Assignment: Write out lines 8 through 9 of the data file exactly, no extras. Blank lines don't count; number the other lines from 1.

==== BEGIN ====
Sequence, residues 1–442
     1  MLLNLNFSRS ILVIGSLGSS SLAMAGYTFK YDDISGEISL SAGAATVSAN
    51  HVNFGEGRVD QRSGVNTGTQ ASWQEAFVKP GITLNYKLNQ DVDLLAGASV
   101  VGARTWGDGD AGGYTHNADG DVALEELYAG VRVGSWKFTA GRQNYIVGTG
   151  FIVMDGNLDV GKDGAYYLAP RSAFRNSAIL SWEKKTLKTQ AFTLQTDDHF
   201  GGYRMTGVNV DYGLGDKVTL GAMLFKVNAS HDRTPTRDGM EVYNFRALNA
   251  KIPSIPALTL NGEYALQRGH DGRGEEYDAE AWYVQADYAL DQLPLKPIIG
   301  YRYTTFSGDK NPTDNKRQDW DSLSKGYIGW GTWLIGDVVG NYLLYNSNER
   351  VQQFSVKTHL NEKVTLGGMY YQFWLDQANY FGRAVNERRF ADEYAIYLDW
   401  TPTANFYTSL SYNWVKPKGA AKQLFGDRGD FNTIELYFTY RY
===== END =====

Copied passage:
   301  YRYTTFSGDK NPTDNKRQDW DSLSKGYIGW GTWLIGDVVG NYLLYNSNER
   351  VQQFSVKTHL NEKVTLGGMY YQFWLDQANY FGRAVNERRF ADEYAIYLDW